Do you ever wonder how Google, or Amazon, seem to know what you’re interested in before you even typed in a search term or keyword? Or even in the analogue world why it is that you might get a different cover story on your favourite magazine than your next door neighbour?

Answer: we are the midst of an absolute revolution in customisation — the ability to target highly-tailored products and services to individuals.

We’ve gotten it all backwards.

But now compare all this to how your boss works with you. Do you feel like your boss is customising her interactions with you? The assignments you’re given, the motivational techniques employed, and day-to-day work you jointly engage in. The sad truth is that despite living in a world where a focus on customers has permeated virtually every part of how successful organisations operate, the one holdout is management.

I blame the leadership industrial complex. How many managers have taken various assessments designed to identify their “leadership style”? Armed with this information, along with exhortations to be “authentic” and to be who you are as a leader, we’ve actually created a world optimised to enable non-customisation. These leaders fulfil the destiny set by their styles, regardless of whether it makes sense for their team members.

You might be thinking, “there’s lots of customisation going on in my job, but it’s all me trying to figure out how to deal with my boss”. And that’s the problem. We’ve gotten it all backwards. Test me and tell me I’m a “directive” or “relationship-oriented” leader, and I now have license to do what my instincts tell me, regardless of what is best for the people on my team. That feeling of entitlement means everyone’s got to adapt to me, military-style, rather than the other way around.

A better way to lead

On a day-to-day basis, the best bosses customise their general teaching style to fit the individual.

“He didn’t react the same way to everyone,” saxophonist Bill Evans said of jazz great Miles Davis. “Everyone was different and personal to him, and that is one of the things that he was able to do . . . get to know each person and what each person needed. Some people he would be harder on than others. He was interesting in that way.” Of hedge-fund titan Julian Robertson, protégé Chase Coleman said, “He was very good at understanding some combination of what motivated people and how to extract maximum performance out of people. For some people, that was encouraging them, and for other people, it was making them feel less comfortable. He would adjust his feedback.”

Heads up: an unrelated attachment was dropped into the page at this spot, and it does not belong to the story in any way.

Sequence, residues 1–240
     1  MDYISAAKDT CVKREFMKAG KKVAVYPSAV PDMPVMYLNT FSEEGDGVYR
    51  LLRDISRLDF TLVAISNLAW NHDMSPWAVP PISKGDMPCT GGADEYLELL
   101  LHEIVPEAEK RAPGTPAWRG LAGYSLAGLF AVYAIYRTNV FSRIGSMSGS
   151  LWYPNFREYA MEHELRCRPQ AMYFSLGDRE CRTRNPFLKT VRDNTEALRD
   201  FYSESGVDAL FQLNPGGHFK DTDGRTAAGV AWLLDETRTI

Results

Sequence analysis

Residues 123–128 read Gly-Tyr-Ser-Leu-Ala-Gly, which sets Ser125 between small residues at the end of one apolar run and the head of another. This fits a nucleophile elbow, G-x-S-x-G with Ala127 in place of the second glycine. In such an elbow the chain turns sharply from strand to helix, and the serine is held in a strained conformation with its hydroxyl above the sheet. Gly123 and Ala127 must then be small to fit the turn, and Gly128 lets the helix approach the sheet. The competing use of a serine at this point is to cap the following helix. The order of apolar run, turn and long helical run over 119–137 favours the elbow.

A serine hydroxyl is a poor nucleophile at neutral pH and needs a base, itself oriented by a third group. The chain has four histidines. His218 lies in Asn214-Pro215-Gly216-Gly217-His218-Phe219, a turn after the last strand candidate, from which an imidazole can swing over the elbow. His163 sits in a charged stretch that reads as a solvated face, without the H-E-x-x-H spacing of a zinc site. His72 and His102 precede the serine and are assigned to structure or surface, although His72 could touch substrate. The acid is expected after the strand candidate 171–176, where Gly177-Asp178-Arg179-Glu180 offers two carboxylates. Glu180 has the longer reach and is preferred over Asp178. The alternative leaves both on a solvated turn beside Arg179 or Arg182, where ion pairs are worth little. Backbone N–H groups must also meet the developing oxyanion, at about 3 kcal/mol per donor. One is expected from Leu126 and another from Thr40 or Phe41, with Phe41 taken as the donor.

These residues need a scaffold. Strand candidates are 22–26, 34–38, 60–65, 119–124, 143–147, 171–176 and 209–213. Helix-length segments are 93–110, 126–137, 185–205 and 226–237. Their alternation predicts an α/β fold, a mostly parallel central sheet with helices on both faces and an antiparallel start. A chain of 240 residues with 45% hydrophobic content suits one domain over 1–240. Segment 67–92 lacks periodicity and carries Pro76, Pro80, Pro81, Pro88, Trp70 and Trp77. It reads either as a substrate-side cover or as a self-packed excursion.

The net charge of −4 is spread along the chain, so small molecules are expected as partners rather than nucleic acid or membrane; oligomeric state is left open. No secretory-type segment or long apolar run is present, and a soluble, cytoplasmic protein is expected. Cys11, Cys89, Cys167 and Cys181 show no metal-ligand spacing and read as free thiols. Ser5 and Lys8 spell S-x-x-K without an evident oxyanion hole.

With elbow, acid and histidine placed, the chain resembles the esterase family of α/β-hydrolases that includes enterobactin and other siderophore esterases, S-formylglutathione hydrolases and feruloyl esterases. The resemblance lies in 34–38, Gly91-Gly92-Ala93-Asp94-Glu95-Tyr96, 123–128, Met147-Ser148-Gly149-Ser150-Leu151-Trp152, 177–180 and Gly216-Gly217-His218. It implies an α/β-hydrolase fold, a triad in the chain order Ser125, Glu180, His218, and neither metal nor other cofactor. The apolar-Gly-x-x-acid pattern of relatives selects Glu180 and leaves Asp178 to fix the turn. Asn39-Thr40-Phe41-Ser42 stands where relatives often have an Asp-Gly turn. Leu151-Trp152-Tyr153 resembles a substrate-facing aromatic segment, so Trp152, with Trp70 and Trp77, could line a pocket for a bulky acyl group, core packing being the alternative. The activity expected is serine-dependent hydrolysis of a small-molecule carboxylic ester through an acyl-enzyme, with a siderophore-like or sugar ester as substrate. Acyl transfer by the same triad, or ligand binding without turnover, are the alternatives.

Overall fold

While other bosses will certainly go the extra mile for their reports on occasion, superbosses possess a clear commitment to personal and informal career development that is far from the norm. Many large companies conceptualise careers in terms of “ladders” that define a standardised upward path for employees and managers. To get to a certain point on the ladder, you have to go through the intermediary rungs one by one.

Sophisticated companies go even further, deploying rigid “competency models” to help groom executives for advancement; they figure out the key skills required for a given position, evaluate whether employees have these competencies and provide training or coaching to “fill in the gaps”.

The superboss approach is a bit messier and more chaotic.

While ladders and competency models bring value, as it’s obviously helpful to advance people in a graduated, orderly way, the superboss approach is a bit messier and more chaotic, giving worthy employees opportunities to advance rapidly and in line with their true capabilities.

Employees as customers

The best bosses, whether the CEO of a company or a lower-level line manager, deploy an approach to development that is closely tailored to the individual needs of each protégé. It’s the difference between buying a car off the dealer’s lot and customising your Mini Cooper online. The customised car fits your life better because it’s made for you — it has exactly the features you want, and nothing (or very little) you don’t want.

Customised development of talent requires a lot more effort. As one former player noted of legendary US football coach Bill Walsh, he “put in the extra work to figure out each of his player’s personalities and what drove each.” Customised development also requires fearlessness, a willingness to depart from the fixed “road map” and the ability to make an unorthodox decision that might just be perfect for one particular person.

For example, one manager I know credits much of his subsequent success to a boss early in his career who moved him to a bigger assignment in Japan, where he didn’t speak the language or have any particular cultural knowledge. It wasn’t the “standard” next step, but it pushed him to raise his game and gain a level of confidence that continues to this day.

The Mini Cooper comparison is apt. Great bosses regard protégés not as generic employees but as individual customers whose needs must be served. Imagine an organisation where leaders take it upon themselves to identify exactly what customers need and then create appropriate ways of delivering it.

Replace “customer” with “employee,” and that’s just what the best bosses do to help people advance in their careers. To a much greater extent than other bosses, superbosses create suitable opportunities for employees that fit their developmental needs, rather than slotting employees mindlessly into an existing, bureaucratic system. The employee as customer—what a strange idea!

Sydney Finkelstein is the Steven Roth Professor of Management and Director of The Leadership Center at the Tuck School of Business at Dartmouth College. His new book is Superbosses: How Exceptional Leaders Manage the Flow of Talent (Portfolio/Penguin, 2016). You can learn more at www.superbosses.com.

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